Through Spiritual Sisterhood, the New Eve Consoles the First Eve and Her Daughters

We as women all have a some of Eve in us, but the Lord also wants to make us full of grace like the New Eve.

Signe Scheel, “The Visitation,” 1906
Signe Scheel, “The Visitation,” 1906 (photo: Public Domain)

My gaze strayed from the tabernacle of the third-floor dorm chapel toward the view out the window of the campus below. I recalled the autumn half my life ago when I moved onto this campus as a freshman in college, eager and ready to encounter the Lord — to commit my life fully to him as I began my liberal arts education.

I know that my college experience was unique, one in which I spent hours in prayer, attended daily Mass and formed friendships in Christ that will last a lifetime. And as I prayed this past summer in the dorm chapel during a summer conference I attended at Franciscan University of Steubenville, I thanked the Lord for the gift of spiritual sisterhood he has given me in my life. There is something unique in the gift of sisters, united in helping each other, ready to heal each other’s wounds, that makes present the reality of the Blessed Mother as the New Eve.

St. Anselm wrote about Eve’s fallenness needing the obedience of the Blessed Mother in his work Why God Became Man:

For, as death came upon the human race by the disobedience of man, it was fitting that by man's obedience life should be restored. And, as sin, the cause of our condemnation, had its origin from a woman, so ought the author of our righteousness and salvation to be born of a woman.

There is something unique for women in having healing brought to them by a woman.

Several years ago, my older sister gave me an image of the Blessed Mother and our First Mother, Eve. The women are framed by a vine of fruit. Eve’s head is bent in sorrow as she holds the fruit, her long hair covering her body with a serpent coiled around her leg, while the pregnant Mary, the God-bearer, reaches out in consolation with her foot crushing the head of the serpent. The one who rejected the help of grace is redeemed through the intercession of the one who is full of grace.

As I reflect on the moments of sisterhood in my life, I realize that so many times I have been Eve in that image. I have fallen. My shame surrounds me. Temptation ties me down. I have been hurt by sin, and I do not know how to accept the Lord’s healing grace. But then a sister in Christ, be it my biological sister or a friend, comes to me, bringing Christ’s presence. They are God-bearers in my life. They make the sisterly love of the Blessed Mother real to me. They are full of grace like her. They say their fiats to the Lord to allow Christ to be made present in their lives, to bring him to others.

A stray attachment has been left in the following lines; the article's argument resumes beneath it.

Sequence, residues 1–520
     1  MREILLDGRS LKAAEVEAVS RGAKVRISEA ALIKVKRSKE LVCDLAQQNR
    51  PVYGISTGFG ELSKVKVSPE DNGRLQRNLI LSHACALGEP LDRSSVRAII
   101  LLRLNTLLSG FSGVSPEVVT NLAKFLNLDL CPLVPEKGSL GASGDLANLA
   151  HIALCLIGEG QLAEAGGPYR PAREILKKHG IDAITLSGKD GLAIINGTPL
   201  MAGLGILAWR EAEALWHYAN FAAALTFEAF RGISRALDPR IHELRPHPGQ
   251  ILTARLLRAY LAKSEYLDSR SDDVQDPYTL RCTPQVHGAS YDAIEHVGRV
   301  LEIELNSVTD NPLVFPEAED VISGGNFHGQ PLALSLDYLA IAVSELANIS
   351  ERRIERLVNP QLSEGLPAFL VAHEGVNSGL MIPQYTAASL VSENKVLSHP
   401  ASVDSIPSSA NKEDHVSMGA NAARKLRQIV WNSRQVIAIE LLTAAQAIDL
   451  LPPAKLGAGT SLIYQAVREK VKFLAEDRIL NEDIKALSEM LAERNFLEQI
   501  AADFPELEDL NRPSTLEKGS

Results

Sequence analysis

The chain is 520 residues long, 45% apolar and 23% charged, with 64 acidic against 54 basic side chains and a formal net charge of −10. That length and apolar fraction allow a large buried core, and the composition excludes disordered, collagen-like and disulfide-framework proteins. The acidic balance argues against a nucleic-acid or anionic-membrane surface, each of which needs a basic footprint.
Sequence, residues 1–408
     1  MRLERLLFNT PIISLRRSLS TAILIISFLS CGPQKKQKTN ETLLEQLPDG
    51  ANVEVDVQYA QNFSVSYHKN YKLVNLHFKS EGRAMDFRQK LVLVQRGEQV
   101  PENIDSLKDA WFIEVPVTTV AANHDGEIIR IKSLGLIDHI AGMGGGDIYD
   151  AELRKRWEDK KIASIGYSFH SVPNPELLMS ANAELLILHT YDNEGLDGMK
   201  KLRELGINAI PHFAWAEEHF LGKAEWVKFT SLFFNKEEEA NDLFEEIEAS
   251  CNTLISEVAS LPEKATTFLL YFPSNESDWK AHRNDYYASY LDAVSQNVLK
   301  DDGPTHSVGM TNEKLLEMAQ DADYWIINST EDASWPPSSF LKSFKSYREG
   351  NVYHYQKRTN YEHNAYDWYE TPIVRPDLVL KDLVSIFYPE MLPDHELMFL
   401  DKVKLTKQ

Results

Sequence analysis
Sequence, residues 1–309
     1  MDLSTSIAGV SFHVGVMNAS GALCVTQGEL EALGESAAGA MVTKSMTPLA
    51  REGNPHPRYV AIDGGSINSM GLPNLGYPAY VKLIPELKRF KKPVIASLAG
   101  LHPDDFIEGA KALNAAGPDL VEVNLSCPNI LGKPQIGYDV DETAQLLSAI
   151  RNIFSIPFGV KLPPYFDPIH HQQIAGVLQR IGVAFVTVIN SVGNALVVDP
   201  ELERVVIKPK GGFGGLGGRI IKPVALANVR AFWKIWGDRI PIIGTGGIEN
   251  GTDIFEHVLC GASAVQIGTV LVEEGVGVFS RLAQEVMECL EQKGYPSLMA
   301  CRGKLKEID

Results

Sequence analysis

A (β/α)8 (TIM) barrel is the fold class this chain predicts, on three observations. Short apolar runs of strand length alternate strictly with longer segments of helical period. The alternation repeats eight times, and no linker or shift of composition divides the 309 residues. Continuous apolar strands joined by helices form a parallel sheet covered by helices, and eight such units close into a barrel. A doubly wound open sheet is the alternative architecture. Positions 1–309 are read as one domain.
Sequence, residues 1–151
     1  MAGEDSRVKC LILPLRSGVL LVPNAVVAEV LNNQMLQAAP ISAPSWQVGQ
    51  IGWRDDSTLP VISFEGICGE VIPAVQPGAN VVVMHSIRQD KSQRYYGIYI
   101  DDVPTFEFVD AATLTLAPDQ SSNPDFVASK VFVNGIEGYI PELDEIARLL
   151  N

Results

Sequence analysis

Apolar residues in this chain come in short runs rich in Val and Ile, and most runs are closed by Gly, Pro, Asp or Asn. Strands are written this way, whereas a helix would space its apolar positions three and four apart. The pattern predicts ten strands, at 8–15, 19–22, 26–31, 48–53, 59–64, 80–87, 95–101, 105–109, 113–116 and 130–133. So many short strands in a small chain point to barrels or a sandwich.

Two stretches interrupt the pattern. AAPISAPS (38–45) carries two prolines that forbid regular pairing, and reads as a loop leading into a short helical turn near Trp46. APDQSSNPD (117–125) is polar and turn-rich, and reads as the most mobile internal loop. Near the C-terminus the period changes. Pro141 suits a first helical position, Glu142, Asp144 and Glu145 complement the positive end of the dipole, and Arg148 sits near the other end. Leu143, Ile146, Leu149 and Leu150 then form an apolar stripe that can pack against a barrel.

I have experienced this in the late-night conversations with my sisters as teenagers, in healing prayer sessions with my college household “sisters,” through playdate conversations with other moms, during women’s prayer group meetings, in various book clubs, in coffee dates with friends, through meals after a miscarriage, in encouraging texts and from spiritual bouquets. These women have all been like the Blessed Mother to the sorrowing Eve for me. And on the contrary, I see how the Lord has allowed me to be full of grace for other women.

Christina Rossetti (who penned the lyrics for the Christmas Carol In the Bleak Midwinter) wrote in her poem Goblin Market:

For there is no friend like a sister In calm or stormy weather; To cheer one on the tedious way, To fetch one if one goes astray," To lift one if one totters down, To strengthen whilst one stands.

Perhaps these experiences ring true in your life or perhaps you long for them to be so. As women, we need to turn to the Blessed Mother and ask her to help us be open to the grace of the Lord’s presence through other women. We have something unique to offer each other, a common experience of fallen womanhood, but in our Blessed Mother we can also experience the healing power of obedience to God’s will in our lives.

This is my encouragement to women: Go out and seek a place of genuine Christian community with other women. Join a women’s group at your parish, seek out a Well-Read Mom book club, jump into a WINE group or Endow study, host a Blessed Brunch in your area or arrange for a coffee date with a friend. There are so many ways for us to support each other as women, so let us look to the Blessed Mother and Eve and model our sisterly support off them. We all need the healing power of the Blessed Mother’s fiat, which gives us hope to our daily reality of the disobedience of Eve.